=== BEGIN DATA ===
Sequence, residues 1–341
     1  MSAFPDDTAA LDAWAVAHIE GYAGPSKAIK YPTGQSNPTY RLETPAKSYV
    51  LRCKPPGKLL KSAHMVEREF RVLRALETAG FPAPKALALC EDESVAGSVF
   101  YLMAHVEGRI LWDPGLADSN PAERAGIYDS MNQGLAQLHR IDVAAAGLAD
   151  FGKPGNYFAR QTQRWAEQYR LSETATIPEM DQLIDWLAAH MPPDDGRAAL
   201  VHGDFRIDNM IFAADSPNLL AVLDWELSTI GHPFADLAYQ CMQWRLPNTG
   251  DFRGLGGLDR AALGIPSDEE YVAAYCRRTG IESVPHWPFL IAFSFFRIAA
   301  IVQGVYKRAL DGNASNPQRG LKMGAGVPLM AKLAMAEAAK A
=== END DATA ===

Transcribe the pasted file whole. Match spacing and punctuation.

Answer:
Sequence, residues 1–341
     1  MSAFPDDTAA LDAWAVAHIE GYAGPSKAIK YPTGQSNPTY RLETPAKSYV
    51  LRCKPPGKLL KSAHMVEREF RVLRALETAG FPAPKALALC EDESVAGSVF
   101  YLMAHVEGRI LWDPGLADSN PAERAGIYDS MNQGLAQLHR IDVAAAGLAD
   151  FGKPGNYFAR QTQRWAEQYR LSETATIPEM DQLIDWLAAH MPPDDGRAAL
   201  VHGDFRIDNM IFAADSPNLL AVLDWELSTI GHPFADLAYQ CMQWRLPNTG
   251  DFRGLGGLDR AALGIPSDEE YVAAYCRRTG IESVPHWPFL IAFSFFRIAA
   301  IVQGVYKRAL DGNASNPQRG LKMGAGVPLM AKLAMAEAAK A